New Georgian PDOs

Well, actually they were registered between August and December 2022, but I have only just added them to my earlier post that summarises the Georgian wine PDOs. The new ones are Asuretuli Shala, Okami, Okureshis Usakhelouri and Zegaani.

One interesting development is the Zegaani PDO, which I believe is the first Georgian PDO to specify that the wine must be made in qvevri. It also states that Zegaani is a “bio-wine”, but the meaning of that is not defined in the document, so I am not really sure what it signifies. In my opinion these are at least steps in the right direction.

Various artisanal wines from Georgia

I had been wanting to try wines from Oda Family Marani for some time, so when I heard that Sager and Wine had imported some into the UK,  I approached them in August 2022 to get some, and finished up buying a mixed case of interesting artisanal wines from Georgia.

I’m afraid it took me over a year to work my way through the case, so it is unlikely that it is possible to buy more of these vintages – from anywhere actually, considering the small production volumes – but I thought my tasting notes might still be of some interest.

They were all tasted at home, and drunk with evening meals, so each one got a good “road test”. But the downside of course is that they were not compared side-by-side.

Tsolikouri, Oda Family Marani, 2020, 14.5%, £25.00

Dry amber wine. Natural, unfiltered. Grapes from small vineyard in Nakhunavo village (Martvili), in Samegrelo region. Naturally fermented on 50% skins, in qvevri for 7 months. 900 bottles made

Palish amber, or medium pale gold. Shiny and clear. Slight formation of froth in bottle after double-decanting. Intense, complex and peppery, reductive notes. Medium acidity. Dry. Slight astringency. Lip-smacking from the tang, astringency, and pepper notes. Flavours I more normally associate with orange wines, which were not so evident on the nose, came through on the palate. Dry, refreshing finish. Overall feeling of lightness despite the high alcohol content. Drink now. A solid *****

Dzelshavi, Oda Family Marani, 2020, 12.5%, Sager and Wine, £27.00

Dry red wine. Natural, unfiltered. Grapes from small vineyard in Bostana village (Ambrolauri), Racha region. Naturally fermented on all skins, aged in qvevri for 7 months. 900 bottles made

Medium pale ruby, with some hints of purple. Intense, fresh berry primary fruit. Cherry, and blueberry perhaps. Medium acidity. Low astringency. Some sweetness of ripe fruit. Quite edgy, similar to astringency, but I guess it was bitterness. But in a good way, as it helps the wine finish dry, and clean, fresh and grown, while still being lip-smackingly good. Drink now. I liked this a lot on first tasting, but not so much together with a chicken curry. However, another bottle bought at the same time seemed to improve with food throughout the evening. Overall, let’s say *****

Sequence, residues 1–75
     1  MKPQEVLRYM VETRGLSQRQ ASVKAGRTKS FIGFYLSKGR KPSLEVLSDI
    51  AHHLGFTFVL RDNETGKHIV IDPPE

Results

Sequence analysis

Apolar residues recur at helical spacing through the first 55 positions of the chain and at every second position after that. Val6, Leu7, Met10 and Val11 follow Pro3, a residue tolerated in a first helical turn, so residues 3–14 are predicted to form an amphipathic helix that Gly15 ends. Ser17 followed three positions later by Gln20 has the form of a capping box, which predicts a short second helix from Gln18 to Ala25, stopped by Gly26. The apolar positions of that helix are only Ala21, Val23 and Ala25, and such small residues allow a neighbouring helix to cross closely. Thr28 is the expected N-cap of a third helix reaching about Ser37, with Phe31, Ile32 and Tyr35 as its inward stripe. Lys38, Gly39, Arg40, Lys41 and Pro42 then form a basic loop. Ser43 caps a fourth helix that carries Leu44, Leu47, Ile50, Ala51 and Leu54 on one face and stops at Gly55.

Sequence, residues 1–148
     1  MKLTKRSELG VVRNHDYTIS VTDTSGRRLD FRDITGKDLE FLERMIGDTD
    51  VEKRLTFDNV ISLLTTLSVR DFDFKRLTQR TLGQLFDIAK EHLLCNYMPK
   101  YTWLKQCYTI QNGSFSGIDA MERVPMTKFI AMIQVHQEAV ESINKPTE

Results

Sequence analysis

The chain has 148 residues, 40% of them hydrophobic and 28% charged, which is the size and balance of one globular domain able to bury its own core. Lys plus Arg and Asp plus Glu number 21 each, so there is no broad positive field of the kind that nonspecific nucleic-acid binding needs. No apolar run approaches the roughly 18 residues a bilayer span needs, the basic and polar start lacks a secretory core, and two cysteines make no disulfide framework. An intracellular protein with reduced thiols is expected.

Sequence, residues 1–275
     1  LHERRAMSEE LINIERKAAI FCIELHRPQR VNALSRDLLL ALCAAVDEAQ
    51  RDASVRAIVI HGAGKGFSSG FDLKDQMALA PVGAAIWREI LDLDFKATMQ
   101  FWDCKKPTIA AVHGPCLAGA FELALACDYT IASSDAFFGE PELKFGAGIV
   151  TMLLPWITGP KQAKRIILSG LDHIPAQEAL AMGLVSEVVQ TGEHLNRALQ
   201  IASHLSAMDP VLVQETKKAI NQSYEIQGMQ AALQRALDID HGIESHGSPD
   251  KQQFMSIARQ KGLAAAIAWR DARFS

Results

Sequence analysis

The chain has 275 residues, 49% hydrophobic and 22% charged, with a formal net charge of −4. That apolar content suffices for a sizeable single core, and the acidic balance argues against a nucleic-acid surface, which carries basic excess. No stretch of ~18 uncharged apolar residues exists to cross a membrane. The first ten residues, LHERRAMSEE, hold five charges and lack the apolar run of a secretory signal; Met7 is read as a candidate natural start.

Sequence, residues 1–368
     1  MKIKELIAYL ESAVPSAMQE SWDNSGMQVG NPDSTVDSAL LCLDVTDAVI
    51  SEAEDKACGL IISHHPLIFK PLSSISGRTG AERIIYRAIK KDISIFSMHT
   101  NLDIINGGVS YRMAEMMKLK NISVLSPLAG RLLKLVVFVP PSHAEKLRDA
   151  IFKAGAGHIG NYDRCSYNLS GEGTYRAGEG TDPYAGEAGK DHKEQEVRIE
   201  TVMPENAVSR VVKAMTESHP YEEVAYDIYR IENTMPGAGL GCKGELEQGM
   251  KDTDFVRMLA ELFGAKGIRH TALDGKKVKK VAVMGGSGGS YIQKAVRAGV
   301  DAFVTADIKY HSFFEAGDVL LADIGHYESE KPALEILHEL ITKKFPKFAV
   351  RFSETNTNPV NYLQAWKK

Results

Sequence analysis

Kakhuri Mtsvane, Kortavebis Marani, 2020, 12.7%, £30.00

Amber, dry,  natural qvevri wine. Unfiltered. Gremi village, Kakheti region. Full skin fermentation, age 9 months in qvevri. Made by Tamuna Bidzinashvili

Medium caramel brown. Not very intense. Sharpish, caramel and lemon. High acidity. High astringency. Strange aromatically – like herbal cough drops. Is that some sort of brett? Also quite phenolic. Not yet sure about how much I like this. It’s not what I would expect. As a tentative, uncertain score, I’d say ****

“Mimoza”, Freya’s Marani, 2020, 14.0%, £26.00

Tsolikouri grapes from Tsitelkhevi, Imereti region. Grapes foot crushed and left on all skins and stems for 10 days. Made in qvevri. Made by Ének Freya Peterson

Medium amber. Smoky. Burnt rubber maybe. Medium high acid. Dry. I sense there is intense fruit in there somewhere, but it is clobbered by the smokiness. Maybe with time throughout the evening the smokiness is blowing off and a complex wine is being revealed. I’m going to say ****

“Oh, the wind and the rain”, Freya’s Marani,  2020, 12.0%, £26.00

Tsolikouri and Krakhuna grapes from Persati, Imereti region. Foot crushed and left on all skins and stems for 4 months. Made in qvevri. Produced by Ének Freya Peterson

Medium pale ruddy gold. Fresh, gentle phenolic aromas. Medium high acidity. Dry. Medium high tannin. Intense, as nose, and complex. Bretty bandage notes – not unpleasant to my taste, but others might object to this. Worked well with food *****